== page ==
The issue of aid effectiveness in developing countries has increasingly become a central problem since the 1970s. Many development policies have been discredited because of their poor capacity to make radical changes in the countries. As many organizations and researchers have been trying to understand to which extent it is possible to consider economic aid as a clear and effective way for developing countries to alleviate their poverty, it is important to understand what obstacles can arise at a microeconomic level.
There are two ways through which international organizations can help developing countries: physical capital accumulation and human capital accumulation. These two approaches have, however, seemed to be successful only occasionally. Accumulation of physical capital refers to all the investments that aim at financial help, for example, in the fields of: new infrastructures, lower capital costs and easing the technological catch-up. All these policies can improve the capacity of developing countries by widening their market, and in turn increase imports and exports with the rest of the world.
Let’s for instance take the case of technology transfer to developing countries. Developing countries, through the acquisition and diffusion of technology can foster productivity growth. Imported capital goods and technological inputs can directly be used in the production process and can thus enhance productivity.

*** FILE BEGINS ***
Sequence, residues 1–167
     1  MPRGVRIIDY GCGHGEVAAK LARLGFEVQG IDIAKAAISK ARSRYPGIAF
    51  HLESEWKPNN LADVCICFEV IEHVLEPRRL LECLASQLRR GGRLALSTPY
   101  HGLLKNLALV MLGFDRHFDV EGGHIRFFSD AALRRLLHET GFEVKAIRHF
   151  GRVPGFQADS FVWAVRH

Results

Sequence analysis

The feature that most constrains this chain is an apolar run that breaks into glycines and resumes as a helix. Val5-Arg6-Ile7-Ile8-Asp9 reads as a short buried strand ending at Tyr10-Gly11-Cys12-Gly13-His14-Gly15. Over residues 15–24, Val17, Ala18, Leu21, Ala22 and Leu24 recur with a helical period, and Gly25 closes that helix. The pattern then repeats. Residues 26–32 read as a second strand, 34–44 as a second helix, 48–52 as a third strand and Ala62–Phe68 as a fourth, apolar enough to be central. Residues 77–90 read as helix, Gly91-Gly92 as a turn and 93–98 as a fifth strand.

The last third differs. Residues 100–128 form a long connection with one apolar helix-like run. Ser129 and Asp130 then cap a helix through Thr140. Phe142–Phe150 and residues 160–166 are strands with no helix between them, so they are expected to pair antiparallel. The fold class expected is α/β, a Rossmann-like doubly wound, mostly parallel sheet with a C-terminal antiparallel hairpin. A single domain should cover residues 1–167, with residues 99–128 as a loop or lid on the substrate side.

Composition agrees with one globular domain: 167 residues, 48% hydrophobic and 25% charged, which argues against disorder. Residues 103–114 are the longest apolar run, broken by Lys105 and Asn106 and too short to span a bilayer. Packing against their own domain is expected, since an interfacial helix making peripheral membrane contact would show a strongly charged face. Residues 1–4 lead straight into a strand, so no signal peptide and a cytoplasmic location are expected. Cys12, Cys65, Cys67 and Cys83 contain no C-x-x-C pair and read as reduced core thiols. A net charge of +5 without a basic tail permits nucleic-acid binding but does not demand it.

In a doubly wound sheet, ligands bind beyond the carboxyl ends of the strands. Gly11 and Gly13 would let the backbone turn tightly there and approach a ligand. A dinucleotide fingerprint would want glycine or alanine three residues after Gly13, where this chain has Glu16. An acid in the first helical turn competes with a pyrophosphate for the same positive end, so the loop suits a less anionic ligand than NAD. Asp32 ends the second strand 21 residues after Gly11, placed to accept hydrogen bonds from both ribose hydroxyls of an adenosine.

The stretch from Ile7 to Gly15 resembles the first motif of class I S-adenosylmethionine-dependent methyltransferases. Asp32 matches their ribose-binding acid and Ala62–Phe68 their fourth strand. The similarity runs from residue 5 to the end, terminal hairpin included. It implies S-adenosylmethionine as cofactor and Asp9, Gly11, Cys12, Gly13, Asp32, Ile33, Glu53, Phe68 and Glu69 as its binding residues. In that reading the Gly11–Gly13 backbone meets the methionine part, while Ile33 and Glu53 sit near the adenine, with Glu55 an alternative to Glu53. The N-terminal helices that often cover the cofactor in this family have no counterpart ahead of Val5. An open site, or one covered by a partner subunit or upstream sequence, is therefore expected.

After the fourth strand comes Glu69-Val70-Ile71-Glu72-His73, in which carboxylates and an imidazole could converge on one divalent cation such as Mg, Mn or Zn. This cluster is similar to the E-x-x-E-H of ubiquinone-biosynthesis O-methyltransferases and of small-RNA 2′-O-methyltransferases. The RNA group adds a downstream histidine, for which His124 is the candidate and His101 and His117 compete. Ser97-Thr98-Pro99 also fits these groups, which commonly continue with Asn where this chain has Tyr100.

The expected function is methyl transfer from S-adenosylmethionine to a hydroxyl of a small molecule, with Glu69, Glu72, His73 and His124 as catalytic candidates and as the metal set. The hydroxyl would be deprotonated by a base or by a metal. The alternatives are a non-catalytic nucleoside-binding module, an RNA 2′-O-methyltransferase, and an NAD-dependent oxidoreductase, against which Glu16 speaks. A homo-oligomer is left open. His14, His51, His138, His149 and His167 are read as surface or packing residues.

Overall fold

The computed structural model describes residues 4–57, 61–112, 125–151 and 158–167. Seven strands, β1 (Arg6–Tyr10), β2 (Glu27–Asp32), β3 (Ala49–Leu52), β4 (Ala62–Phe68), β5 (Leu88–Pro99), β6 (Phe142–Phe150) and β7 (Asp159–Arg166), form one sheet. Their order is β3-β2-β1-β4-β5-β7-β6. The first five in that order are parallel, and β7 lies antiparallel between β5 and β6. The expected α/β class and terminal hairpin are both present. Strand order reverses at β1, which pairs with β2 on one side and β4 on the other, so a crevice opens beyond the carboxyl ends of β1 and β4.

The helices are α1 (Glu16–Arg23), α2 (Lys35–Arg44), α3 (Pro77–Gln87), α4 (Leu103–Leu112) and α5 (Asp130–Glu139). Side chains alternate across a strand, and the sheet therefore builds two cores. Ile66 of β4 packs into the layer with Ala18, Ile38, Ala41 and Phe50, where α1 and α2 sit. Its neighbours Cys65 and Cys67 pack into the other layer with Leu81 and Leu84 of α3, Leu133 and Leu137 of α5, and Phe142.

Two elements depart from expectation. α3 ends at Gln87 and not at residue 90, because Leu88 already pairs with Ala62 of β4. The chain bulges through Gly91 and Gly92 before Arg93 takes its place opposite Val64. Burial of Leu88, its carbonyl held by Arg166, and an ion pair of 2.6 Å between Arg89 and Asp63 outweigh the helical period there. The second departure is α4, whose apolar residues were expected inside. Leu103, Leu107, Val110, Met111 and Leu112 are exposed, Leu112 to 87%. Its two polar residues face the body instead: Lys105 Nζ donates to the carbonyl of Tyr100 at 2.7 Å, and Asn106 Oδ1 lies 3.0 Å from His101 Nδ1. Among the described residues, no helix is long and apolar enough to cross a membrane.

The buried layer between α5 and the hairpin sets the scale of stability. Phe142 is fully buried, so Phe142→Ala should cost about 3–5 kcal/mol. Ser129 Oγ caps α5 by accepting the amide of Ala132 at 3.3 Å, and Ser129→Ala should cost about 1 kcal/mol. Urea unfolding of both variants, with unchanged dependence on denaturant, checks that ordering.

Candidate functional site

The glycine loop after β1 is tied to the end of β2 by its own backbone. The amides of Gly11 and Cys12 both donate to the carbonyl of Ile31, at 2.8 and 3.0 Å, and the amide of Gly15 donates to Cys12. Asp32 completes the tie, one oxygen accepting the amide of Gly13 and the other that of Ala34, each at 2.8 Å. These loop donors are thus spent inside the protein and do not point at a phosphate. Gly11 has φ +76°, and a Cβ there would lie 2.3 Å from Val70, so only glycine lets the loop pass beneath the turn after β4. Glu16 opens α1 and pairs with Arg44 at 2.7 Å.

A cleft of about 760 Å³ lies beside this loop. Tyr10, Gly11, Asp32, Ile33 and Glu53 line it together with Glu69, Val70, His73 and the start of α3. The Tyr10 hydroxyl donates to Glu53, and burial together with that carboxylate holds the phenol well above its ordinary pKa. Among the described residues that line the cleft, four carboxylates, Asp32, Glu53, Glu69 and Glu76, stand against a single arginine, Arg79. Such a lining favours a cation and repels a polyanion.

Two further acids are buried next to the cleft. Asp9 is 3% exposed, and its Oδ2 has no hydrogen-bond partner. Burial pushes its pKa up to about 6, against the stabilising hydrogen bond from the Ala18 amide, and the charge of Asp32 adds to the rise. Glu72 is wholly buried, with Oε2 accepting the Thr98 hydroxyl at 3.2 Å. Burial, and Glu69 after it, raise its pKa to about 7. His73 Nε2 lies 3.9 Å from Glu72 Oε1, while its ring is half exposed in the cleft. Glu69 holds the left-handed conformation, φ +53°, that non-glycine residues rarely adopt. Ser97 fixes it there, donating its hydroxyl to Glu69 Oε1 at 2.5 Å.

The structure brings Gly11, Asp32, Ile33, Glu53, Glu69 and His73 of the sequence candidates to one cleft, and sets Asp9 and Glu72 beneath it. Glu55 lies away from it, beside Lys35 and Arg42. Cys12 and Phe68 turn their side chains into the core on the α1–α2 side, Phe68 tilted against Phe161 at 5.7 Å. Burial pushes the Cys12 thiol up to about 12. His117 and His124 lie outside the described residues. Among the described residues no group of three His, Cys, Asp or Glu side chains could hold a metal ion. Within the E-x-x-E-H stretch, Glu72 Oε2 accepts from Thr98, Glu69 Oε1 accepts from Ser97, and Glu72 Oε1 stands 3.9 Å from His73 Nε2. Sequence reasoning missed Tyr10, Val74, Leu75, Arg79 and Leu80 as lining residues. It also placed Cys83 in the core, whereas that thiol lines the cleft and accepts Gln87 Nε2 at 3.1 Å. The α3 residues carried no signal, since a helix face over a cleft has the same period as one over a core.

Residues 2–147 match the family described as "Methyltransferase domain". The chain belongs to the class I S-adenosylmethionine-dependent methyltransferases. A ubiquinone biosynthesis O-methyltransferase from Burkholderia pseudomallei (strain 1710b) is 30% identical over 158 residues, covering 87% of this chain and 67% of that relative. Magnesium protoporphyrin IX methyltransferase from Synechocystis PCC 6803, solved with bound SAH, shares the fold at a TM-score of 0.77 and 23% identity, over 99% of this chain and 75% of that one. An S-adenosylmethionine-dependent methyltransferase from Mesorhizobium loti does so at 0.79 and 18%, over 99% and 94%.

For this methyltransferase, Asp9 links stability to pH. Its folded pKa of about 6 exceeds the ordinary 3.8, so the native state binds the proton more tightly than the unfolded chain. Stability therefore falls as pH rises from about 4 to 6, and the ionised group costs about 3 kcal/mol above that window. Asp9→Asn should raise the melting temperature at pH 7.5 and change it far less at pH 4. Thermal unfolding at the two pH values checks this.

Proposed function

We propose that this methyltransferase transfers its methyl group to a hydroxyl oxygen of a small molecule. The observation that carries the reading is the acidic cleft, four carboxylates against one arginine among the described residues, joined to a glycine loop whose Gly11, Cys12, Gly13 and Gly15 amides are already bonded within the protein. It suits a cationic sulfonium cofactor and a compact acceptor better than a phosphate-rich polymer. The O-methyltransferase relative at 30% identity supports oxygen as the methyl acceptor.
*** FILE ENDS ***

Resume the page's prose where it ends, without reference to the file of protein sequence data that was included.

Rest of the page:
Nevertheless, most developing countries are forced to rely on imported technology in order to increase their productive knowledge. This often leads to inefficiencies that prevent the transfer of technology to be efficient. Such inefficiencies come from asymmetric information and market power.
There is asymmetry in the information of the providers, who knows the technology well, and the buyers (local population), who are not aware of the value of the good and therefore cannot estimate its importance beforehand. This inevitably leads to high transactions costs that do not reflect the value that local people attribute to these technologies. The companies that own the technologies, relying on their market power, will set a price that does not correspond to the marginal benefit of the consumer, which is the price he is willing to pay for that good. This way, the companies providing the technologies will maximize their utility but the social welfare of the developing country will decline.
Clearly, the inefficiencies mentioned above are only few of the possible distortions that occur when trying to invest in physical capital. It is well known that growth is subject to many other factors, such as: political stability, institutions transparency, level of inequality in income distributions and many others. Additionally, local governments and donors have shown problems in directing aid funds to the right purposes. On one hand, donors have often pursued political, economic and strategic interests in inter-country aid allocation reducing the effect of financial aid. On the other hand, governments of developing countries are often corrupted and financial investments hardly ever reach the needing sectors.
All in all, it is hard to find optimal policies able to minimize distortions and maximize the investments in technology transfer. A must for developing countries, in order to benefit from technology transfer, is investing in human capital. The problems in physical capital accumulation suggest that the benefits of technology transfer should be reached by other means, i.e. by the previously mentioned human capital, for example, through education.